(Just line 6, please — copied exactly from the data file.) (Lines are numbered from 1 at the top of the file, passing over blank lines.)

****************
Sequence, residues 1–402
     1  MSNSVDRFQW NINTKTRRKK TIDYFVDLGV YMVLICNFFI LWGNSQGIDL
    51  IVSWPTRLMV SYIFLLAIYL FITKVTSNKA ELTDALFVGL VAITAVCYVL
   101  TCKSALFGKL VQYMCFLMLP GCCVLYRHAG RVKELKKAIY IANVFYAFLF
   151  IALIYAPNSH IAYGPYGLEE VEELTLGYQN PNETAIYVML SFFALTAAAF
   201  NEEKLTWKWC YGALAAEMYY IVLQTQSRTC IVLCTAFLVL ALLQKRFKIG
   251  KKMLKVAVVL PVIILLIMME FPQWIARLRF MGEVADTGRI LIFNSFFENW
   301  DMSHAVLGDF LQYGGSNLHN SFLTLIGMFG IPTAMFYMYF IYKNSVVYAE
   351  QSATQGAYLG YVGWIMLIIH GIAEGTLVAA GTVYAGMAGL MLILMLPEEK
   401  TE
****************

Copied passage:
   201  NEEKLTWKWC YGALAAEMYY IVLQTQSRTC IVLCTAFLVL ALLQKRFKIG